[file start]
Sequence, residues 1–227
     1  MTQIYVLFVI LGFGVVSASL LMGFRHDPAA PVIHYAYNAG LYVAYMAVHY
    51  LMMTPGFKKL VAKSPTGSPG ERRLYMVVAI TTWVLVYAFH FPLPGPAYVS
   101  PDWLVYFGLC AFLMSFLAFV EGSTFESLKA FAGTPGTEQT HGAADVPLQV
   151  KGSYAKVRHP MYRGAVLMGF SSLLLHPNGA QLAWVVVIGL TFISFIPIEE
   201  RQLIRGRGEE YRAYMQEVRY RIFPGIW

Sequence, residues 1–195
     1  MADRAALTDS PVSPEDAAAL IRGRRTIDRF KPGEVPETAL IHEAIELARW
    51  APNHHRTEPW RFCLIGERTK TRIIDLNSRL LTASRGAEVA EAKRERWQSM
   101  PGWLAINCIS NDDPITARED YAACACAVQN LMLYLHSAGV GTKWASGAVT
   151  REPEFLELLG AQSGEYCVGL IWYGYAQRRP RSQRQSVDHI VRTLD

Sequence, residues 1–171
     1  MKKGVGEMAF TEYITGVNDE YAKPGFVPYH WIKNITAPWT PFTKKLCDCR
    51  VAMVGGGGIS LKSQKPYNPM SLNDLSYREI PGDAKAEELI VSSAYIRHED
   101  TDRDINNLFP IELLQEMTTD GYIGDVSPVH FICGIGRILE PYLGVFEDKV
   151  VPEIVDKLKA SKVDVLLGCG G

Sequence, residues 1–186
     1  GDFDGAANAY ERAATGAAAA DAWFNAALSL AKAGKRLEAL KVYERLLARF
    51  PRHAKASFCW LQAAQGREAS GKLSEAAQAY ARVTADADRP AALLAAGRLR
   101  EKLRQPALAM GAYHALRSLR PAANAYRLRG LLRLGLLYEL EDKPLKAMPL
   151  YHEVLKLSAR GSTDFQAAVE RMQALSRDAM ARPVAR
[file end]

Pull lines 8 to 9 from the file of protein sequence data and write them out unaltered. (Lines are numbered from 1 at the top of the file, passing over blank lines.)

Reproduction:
     1  MADRAALTDS PVSPEDAAAL IRGRRTIDRF KPGEVPETAL IHEAIELARW
    51  APNHHRTEPW RFCLIGERTK TRIIDLNSRL LTASRGAEVA EAKRERWQSM